Landsvirkjun, the National Power Company of Iceland is the founder of the Icelandic Deep Drilling Project. The project, which marks a milestone in energy research, involves drilling deeper boreholes than have been attempted before. These boreholes will be 4-5 km in depth and it is estimated that they could give between 5-10 times more energy than standard boreholes. The first borehole (IDDP-1) was drilled in the Krafla area in 2008-2009. The drilling of the well came to an abrupt end at 2.1 km depth where the drill-bit intersected magma.
Flow test of the well in 2010-2012 gave of steam at 430-450°C making it by far the hottest geothermal well in the world
It is estimated that the potential energy production of the borehole could be between 25-35 MWe. Despite the earlier setbacks, the project has provided valuable knowledge and experience for future endeavours.
The IDDP-1 well in Krafla is the first well to be drilled in the Iceland Deep Drilling project (IDDP). IDDP is a collaborative project of Landsvirkjun, Reykjavik Energy (OR) and HS Orka, in addition to Statoil (Norway), and Alcoa (US), and domestic and foreign research groups, the National Power Authority (Iceland), National Science Foundation (US) and the International Continental Scientific Drilling Program (ICSDP). The objective of IDDP-1 was to drill a vertical well to a depth of 4500m. However, magma was encountered at a depth of 2100m and after two setbacks; the well was completed at 2100m, in 2009. The well is therefore a magma well, rather than an actual deep well.
The well has been flow tested intermittently since the spring of 2010. In the initial flow tests, steam well head temperature reached 380°C at 20 bar for a mass flow of 40 kg/s. This corresponds to approx. 25 MWe in electrical production. However, the fluid proved to be both corrosive and abrasive and the wellhead and flow line were redesigned to better handle the difficult fluid and to allow for experiments to be conducted on the steam. The aim of the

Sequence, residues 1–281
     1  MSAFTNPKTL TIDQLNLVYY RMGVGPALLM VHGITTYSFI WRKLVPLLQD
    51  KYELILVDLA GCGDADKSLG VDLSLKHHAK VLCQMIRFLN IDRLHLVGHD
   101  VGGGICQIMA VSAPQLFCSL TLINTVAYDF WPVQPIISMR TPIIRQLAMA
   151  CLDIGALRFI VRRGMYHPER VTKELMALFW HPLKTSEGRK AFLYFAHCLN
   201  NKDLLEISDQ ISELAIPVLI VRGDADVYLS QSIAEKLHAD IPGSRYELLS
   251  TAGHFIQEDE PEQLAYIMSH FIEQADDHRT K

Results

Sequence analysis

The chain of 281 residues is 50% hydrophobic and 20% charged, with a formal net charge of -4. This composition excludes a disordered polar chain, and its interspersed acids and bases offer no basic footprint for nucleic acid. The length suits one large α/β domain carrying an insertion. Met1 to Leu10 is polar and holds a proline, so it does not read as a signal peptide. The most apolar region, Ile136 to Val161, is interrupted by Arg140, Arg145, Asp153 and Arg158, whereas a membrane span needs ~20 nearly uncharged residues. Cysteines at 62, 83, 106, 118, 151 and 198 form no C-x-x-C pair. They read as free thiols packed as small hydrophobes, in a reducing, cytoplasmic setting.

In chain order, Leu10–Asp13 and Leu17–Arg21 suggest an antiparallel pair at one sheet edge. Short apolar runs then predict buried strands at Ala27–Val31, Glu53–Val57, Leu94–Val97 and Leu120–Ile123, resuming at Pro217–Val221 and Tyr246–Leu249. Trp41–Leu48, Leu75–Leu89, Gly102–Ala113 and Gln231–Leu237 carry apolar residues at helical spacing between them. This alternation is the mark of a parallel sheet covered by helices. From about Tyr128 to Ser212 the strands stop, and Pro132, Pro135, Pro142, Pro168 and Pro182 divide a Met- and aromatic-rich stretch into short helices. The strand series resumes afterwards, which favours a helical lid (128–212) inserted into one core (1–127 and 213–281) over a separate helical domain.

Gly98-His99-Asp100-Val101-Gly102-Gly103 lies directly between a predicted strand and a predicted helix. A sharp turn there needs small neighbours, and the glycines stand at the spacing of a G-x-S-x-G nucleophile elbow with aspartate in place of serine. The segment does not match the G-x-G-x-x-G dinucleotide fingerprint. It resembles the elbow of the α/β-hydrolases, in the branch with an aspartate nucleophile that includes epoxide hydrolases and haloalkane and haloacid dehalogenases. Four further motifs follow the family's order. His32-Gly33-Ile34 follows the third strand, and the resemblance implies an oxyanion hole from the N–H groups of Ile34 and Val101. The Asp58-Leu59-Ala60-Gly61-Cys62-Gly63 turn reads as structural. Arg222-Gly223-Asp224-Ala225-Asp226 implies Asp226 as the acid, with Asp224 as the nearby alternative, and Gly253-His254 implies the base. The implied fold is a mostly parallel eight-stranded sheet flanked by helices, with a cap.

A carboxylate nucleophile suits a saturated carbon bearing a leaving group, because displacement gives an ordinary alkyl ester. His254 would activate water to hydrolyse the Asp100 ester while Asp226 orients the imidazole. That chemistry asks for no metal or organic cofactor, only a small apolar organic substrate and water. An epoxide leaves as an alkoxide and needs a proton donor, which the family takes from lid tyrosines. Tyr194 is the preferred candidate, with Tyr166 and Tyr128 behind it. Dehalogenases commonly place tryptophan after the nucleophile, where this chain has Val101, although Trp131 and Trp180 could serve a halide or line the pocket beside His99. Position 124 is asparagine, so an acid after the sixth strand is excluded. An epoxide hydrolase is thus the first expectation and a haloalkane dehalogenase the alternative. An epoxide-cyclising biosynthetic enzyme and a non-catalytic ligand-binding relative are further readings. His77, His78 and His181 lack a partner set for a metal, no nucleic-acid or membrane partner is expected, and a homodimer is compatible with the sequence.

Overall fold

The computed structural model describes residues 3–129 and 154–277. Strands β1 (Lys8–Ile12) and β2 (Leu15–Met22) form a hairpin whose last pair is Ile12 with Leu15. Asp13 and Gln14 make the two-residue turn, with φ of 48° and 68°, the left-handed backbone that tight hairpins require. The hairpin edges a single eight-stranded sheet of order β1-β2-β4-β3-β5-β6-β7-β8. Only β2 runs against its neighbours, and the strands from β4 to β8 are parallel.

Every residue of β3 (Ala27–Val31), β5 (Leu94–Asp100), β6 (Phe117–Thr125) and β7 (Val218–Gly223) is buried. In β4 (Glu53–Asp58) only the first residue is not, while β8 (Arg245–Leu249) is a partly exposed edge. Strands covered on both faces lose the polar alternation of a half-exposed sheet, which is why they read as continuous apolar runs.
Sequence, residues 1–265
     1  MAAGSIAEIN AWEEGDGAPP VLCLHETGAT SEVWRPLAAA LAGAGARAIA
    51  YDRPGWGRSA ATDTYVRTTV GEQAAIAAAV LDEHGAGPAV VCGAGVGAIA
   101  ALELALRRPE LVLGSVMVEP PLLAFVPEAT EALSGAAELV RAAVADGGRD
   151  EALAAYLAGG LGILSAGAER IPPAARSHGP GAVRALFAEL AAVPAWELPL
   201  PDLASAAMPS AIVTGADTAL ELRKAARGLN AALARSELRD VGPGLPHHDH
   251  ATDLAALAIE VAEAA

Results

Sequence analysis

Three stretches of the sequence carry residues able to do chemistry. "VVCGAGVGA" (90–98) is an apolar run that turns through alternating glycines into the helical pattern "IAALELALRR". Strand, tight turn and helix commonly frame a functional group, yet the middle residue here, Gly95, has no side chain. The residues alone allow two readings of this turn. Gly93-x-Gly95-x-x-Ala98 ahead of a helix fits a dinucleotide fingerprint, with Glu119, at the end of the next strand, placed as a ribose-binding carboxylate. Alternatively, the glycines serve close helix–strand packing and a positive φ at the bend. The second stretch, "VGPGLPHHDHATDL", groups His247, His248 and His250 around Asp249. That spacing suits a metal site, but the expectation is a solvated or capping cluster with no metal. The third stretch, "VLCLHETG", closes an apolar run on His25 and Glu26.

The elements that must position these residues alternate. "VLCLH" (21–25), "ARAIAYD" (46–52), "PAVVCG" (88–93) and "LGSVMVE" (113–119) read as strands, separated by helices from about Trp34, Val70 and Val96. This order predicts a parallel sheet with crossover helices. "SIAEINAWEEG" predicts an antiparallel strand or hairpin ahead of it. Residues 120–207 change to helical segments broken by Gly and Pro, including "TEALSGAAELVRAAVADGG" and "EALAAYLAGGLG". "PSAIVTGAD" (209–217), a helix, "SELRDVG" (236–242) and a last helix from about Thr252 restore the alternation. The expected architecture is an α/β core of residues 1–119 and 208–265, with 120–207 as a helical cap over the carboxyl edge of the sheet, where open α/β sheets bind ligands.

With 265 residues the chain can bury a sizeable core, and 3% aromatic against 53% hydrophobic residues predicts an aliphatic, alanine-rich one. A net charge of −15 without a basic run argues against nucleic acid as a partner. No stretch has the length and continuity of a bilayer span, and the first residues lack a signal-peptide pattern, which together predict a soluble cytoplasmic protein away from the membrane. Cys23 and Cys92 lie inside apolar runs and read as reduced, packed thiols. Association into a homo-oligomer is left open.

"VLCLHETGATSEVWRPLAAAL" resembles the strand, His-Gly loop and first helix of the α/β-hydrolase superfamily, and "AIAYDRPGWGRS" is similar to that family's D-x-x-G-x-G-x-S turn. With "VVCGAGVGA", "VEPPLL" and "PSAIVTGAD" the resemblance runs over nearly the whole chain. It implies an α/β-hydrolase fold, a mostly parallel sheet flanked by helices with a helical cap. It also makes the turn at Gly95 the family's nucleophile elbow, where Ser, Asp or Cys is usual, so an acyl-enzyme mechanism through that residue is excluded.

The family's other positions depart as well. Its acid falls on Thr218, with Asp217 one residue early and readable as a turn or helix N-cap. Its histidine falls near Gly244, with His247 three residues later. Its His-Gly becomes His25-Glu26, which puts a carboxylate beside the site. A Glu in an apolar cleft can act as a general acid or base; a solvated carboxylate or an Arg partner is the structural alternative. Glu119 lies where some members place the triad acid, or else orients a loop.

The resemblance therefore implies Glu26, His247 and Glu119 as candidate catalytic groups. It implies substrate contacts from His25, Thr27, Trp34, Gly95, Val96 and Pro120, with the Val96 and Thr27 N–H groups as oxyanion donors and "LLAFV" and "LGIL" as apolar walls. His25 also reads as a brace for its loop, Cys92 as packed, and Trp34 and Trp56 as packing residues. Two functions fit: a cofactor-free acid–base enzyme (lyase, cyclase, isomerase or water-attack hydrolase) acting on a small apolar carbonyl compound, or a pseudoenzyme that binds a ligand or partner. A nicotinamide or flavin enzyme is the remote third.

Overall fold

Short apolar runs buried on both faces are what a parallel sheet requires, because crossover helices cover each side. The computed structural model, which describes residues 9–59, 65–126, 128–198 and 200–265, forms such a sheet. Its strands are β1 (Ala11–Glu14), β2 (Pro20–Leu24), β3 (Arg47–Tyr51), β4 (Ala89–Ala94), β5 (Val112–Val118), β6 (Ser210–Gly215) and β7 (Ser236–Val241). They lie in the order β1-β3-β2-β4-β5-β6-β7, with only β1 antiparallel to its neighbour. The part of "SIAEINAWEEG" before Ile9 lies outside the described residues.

experiments is to validate methods to clean the steam and make it suitable for direct use in steam turbines. The well has now been operated continuously at a restricted flow rate of 12 kg/s for over 6 months. Wellhead temperature is 450°C at 140 bar, which is the highest wellhead temperature on record for a geothermal well.
Experiments to scrub the superheated steam from the well were carried out during the year. Initial results are promising, especially with the wet scrubbing method. In this method brine is injected into the steam flow, in effect washing impurities and acid from the steam. The brine is then separated from the steam which can be used on the power plant steam gathering system. Plans are for full scale production of the well in 2012-2013 based on this method. Other methods under investigation are the dry scrubbing method and indirect utilization with a heat exchanger. Additionally, several experiments have been conducted on corrosion and wear resistance.